New 'certification' group to look closely at shale gas drillers
By Timothy Puko
Published: Monday, Feb. 11, 2013, 12:01 a.m.
Environmental groups and drilling companies are forming a first-of-its kind organization to scrutinize shale gas drillers' practices in Appalachia, but at least one industry supporter won't participate.
The Environmental Defense Fund, PennFuture, The Heinz Endowments, EQT and Shell are among collaborators in an organization to certify which drillers meet the best industry standards. Next month, the group will publicly start the Institute for Gas Drilling Excellence, officials said. How it will be funded isn't clear.
The institute's aim is to encourage best practices and measure companies' performance, much like a college accreditation agency or LEED certification for environmentally friendly buildings, organizers said.
“The best possible outcome is that this becomes the standard-bearer certification group, that their mark of thumbs-up really means something and their thumbs-down really means something,” said Michael E. Webber, co-director of the Clean Energy Incubator at the University of Texas.
He said the organization will face questions about its funding and how much influence the industry has over its operations. Poorly structured financial incentives or too much industry influence could set a low bar and undermine safety, Webber said.
Organizers said others are involved, although they declined to name them.
The Marcellus Shale Coalition, which represents energy industries, will not participate, spokesman Travis Windle said.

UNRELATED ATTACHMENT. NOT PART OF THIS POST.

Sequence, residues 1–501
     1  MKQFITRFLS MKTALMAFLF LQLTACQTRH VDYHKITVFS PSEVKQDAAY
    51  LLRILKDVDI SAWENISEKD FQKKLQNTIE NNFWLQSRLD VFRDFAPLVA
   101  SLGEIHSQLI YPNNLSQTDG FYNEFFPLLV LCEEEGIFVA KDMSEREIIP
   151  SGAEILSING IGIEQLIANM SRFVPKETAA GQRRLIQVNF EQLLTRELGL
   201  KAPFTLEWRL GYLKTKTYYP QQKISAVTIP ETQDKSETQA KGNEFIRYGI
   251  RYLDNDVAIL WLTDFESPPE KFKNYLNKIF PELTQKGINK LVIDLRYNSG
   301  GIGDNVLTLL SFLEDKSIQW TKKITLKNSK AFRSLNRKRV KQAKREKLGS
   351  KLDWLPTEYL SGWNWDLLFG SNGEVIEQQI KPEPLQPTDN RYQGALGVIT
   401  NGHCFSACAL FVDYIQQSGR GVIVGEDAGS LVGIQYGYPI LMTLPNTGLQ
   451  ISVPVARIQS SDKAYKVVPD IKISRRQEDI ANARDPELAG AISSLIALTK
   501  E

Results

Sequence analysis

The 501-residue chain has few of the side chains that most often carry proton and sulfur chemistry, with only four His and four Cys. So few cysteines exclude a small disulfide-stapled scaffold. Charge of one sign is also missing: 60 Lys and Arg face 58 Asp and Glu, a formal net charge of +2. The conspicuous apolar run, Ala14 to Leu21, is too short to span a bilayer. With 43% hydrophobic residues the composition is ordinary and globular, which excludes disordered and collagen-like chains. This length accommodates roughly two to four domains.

“While we certainly recognize the ongoing efforts of various stakeholders, our organization remains very focused on continuing to develop our recommended practices,” he said.
Drillers are more likely to work with groups, such as the Environmental Defense Fund, that haven't pushed for drilling moratoriums, said Louis D. D'Amico, leader of the Pennsylvania Independent Oil & Gas Association, which wasn't aware of the initiative. The industry collaborates with environmental groups to monitor regulatory programs, he said.
“I think it's a very big positive,” D'Amico said.
An Environmental Defense Fund leader and several industry officials and consultants at the September Shale Gas Insight conference in Philadelphia advocated for regional groups, or “centers of excellence.” These collaboratives are important for promoting standards nationwide and bolstering public trust in an industry often blamed or suspected in environmental or public health problems, they said.
Former Department of Environmental Protection Secretary John Hanger helped found the group. It is registered as a charity at Hanger's former Eckert Seamans Cherin & Mellott law office in Harrisburg, according to GuideStar.org. Hanger stepped down when he became a candidate for governor last year.
Andrew Place, director of public policy research at Downtown-based EQT, will run the group in the interim.
“I think it's an important initiative that's potentially different from the industry-led best-practice groups,” Hanger said. “I'm eager to see what is publicly announced.”
Timothy Puko is a staff writer for Trib Total Media. He can be reached at 412-320-7991 or email@example.com.
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